With ‘Spygate’ hitting the headlines, it’s not just alleged members of New Zealand’s coaching staff who have been paying close attention to Eddie Jones this week. The eyes of the world have been on the England coach as he prepares for the Rugby World Cup semi-final by employing his latest brand of mind games in the build-up to Saturday’s match.
But his New Zealand counterpart, Steve Hansen, has remained unfazed by accusations of espionage, taking them in his stride as he prepares one of the greatest sporting teams of all time for yet another tilt at rugby’s greatest prize.
“Eddie and I both know that all is fair in love and war, and Eddie knows that in a time of war you throw out a bit of distraction for you guys to deal with,” Hansen told journalists ahead of the clash in Yokohama.
At this point, Hansen has seen and done pretty much everything the sport has to offer. In his 105 matches as the All Blacks’ coach, his side have incredibly lost just nine times, a record that seemed almost impossible when he took the job in 2011, and was even more improbable in August 2003.
Back in those days, Hansen was in charge of a Wales side which had lost 10 games on the bounce, including every game of a dismal Six Nations campaign, and his job was on the line heading into the World Cup in Australia. With just Scotland to face before the tournament kicked off, he faced a barrage of criticism for picking a whole host of fringe players but his response was defiant, blasting: "I'm confident I'm a good coach."
Wales beat Scotland and would make it to the quarter-finals of the World Cup before Hansen moved on to join the All Blacks as their assistant coach. He headed back to his homeland having left the Welsh in a good place, with former number 8 Jonathan Thomas singing his praises for the work he achieved behind the scenes:
“When Steve does interviews he can come across as quite stern and cold. But he actually cares an unbelievable amount about his players, and you can really feel that. He is a really loyal person. If you put the work in and do a job for him, he will reward that loyalty.”
As Graham Henry’s right-hand man he helped New Zealand end their 24-year wait to reclaim the Webb Ellis trophy in 2011. And when Henry’s contract expired following the 8-7 World Cup final win over France, Hansen was the obvious choice to take the reigns.
Even given their position as newly-crowned champions and considering the depth of quality available to Hansen, it was difficult to imagine the incredible success the Kiwis have gone on to enjoy under the 60-year-old. His 3-0 series win over Ireland in 2012 was a sign of things to come, with the All Blacks going through the whole of 2013 undefeated. The message written on a dressing room whiteboard by Hansen after their demolition of England that year simply read:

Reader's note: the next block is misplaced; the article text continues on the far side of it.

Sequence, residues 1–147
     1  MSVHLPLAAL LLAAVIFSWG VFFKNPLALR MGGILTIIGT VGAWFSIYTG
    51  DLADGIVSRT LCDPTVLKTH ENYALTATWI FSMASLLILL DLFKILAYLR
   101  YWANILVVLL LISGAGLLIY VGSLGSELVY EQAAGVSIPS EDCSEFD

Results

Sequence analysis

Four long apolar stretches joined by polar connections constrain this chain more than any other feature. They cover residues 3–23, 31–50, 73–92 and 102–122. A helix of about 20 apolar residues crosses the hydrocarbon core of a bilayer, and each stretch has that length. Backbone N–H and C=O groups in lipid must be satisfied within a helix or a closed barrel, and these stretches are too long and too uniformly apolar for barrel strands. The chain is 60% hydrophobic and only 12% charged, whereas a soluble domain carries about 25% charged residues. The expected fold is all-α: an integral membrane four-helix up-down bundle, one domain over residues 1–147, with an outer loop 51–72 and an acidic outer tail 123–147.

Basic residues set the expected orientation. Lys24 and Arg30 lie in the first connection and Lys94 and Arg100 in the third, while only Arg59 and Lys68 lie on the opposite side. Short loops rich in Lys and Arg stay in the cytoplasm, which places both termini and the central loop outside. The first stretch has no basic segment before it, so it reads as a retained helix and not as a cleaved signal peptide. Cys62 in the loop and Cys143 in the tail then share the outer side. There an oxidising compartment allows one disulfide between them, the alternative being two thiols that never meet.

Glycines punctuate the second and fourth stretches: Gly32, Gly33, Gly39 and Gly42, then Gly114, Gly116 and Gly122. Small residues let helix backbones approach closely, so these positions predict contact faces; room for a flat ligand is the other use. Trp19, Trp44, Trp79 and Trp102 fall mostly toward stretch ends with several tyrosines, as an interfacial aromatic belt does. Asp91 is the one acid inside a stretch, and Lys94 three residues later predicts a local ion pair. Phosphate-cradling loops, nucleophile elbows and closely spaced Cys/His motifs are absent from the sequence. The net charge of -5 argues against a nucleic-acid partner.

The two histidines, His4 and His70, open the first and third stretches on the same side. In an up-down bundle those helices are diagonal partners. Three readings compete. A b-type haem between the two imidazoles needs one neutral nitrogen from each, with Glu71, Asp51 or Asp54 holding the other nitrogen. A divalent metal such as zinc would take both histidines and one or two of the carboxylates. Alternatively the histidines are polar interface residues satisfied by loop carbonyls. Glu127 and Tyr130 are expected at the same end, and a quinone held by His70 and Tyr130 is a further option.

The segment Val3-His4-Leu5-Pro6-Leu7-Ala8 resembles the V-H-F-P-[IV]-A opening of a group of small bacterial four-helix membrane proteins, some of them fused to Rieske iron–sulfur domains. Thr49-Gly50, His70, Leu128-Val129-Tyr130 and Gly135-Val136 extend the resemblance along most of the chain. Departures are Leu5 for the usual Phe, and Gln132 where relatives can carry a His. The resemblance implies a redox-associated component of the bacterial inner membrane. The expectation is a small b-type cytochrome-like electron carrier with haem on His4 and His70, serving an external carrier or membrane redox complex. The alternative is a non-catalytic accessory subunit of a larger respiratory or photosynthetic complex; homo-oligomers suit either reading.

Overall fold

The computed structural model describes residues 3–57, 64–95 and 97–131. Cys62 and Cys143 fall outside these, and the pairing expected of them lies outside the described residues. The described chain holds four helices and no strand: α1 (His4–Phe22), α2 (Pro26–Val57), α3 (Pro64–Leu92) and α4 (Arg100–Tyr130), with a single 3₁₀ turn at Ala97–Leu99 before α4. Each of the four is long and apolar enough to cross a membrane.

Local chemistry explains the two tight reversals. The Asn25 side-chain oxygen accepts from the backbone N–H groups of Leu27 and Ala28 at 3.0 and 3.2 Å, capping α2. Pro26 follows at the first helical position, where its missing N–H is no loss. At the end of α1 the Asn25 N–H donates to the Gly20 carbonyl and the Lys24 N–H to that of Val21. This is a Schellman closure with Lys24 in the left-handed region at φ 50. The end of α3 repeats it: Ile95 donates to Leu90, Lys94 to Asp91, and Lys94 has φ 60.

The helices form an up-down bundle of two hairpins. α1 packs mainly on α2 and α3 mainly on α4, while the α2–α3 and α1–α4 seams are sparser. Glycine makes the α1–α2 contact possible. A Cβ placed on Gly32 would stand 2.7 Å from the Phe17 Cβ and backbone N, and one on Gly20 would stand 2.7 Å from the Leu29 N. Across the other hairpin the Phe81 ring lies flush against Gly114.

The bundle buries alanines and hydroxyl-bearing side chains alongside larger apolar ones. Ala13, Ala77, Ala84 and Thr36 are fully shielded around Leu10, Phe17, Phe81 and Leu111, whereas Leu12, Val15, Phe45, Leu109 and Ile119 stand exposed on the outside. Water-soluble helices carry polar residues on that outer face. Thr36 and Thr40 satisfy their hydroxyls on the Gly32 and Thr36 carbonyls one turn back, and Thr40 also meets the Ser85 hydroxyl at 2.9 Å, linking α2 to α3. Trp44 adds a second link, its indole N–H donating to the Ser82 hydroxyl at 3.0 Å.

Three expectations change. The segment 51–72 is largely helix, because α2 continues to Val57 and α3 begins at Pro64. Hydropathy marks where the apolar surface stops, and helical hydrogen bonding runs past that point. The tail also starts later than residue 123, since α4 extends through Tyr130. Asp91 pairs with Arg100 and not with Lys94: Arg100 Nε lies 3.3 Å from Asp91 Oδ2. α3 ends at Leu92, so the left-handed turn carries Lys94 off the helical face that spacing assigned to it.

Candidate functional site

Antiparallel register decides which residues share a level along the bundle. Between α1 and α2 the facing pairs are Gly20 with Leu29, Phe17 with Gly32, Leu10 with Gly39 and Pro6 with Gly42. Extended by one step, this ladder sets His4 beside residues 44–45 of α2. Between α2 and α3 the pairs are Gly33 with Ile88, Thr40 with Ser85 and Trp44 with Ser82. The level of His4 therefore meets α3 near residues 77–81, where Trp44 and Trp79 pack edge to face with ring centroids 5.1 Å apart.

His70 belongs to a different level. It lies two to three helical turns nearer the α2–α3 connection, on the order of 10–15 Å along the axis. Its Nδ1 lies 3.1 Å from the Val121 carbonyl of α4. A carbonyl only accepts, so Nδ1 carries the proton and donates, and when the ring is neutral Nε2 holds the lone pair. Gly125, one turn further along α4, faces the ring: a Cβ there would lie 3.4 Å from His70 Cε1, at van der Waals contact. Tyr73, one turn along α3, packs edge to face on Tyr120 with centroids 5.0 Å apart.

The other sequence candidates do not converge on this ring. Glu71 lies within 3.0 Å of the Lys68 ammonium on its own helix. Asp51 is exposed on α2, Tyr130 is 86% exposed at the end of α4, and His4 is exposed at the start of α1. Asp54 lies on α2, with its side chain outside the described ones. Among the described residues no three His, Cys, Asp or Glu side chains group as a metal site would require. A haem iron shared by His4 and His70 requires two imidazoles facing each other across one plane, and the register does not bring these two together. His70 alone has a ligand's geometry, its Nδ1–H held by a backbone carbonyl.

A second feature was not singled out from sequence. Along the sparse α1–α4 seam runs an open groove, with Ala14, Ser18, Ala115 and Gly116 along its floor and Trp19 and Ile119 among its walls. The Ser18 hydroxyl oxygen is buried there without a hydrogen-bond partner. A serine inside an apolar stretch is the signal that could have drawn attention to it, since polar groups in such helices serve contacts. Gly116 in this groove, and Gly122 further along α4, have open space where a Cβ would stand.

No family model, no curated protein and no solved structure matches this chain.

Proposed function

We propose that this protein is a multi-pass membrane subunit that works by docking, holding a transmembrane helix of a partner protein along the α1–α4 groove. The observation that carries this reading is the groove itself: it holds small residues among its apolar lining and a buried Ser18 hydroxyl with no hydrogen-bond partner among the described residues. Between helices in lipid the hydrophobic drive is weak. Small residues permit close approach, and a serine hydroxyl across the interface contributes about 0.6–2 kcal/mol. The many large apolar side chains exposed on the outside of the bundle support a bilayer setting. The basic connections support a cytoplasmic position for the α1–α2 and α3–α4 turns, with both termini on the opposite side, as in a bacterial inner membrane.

“We are the most dominant team in the history of the world.”
By the time the World Cup came around in 2015, there was little doubt which side would come out on top. Hansen led his side to a second successive title, overcoming South Africa and Australia at Twickenham in the semis and final respectively, playing some thrilling rugby on the way to glory.
During that World Cup win, legendary centre Ma’a Nonu made his 100th appearance for the All Blacks and Hansen’s comment on one of his star men resonated with every Kiwi:
I was never good enough to play for the All Blacks. I’d give up everything I’ve done in coaching to play one game. And most people would say I’d be lucky. He’s played a hundred.
Four years on, his stock continues to rise. His 87.5% win record is the greatest ever compiled by an All Blacks coach overseeing 15 of more games. At this rate he could continue in the role for 15 or more years.
This weekend will see two of the best minds in sport collide as Eddie Jones and England look to prevent New Zealand making it an unprecedented three World Cups in a row. Jones, a master of the mind games, has already been stoking up England’s billing as the underdogs ahead of kick-off.
"It's the two heavyweights of world rugby - one dressed in black, the crowd favourite, the nation's favourite, the other in white, probably the most disliked team in the world.”
That line in itself is a testament to the quality of Hansen’s men. Great teams or individuals in sport at the top of their game are often hated by the wider public, see Sir Alex Ferguson’s Manchester United, Lewis Hamilton or Australia’s great cricket sides of the past.
However, true greatness transcends sport when the whole world falls in love with the talents of an individual or team. Roger Federer, suave, sexy and bloody brilliant at tennis is universally adored. We may never see another phenomenon like Usain Bolt - everywhere he raced people were desperate to see him win.
Now Steve Hansen is taking his wonderful New Zealand team to that same level, exhibiting every bit of the relentlessness which has been the hallmark of sporting greats over a number of decades. Right now, his team look about as unstoppable as any sports outfit on the planet.
A win over the All Blacks would be remarkable for Jones’ England. But, whatever the result, one cannot help but marvel at the dominance of this great side, under the leadership of the best head coach in the world of sport.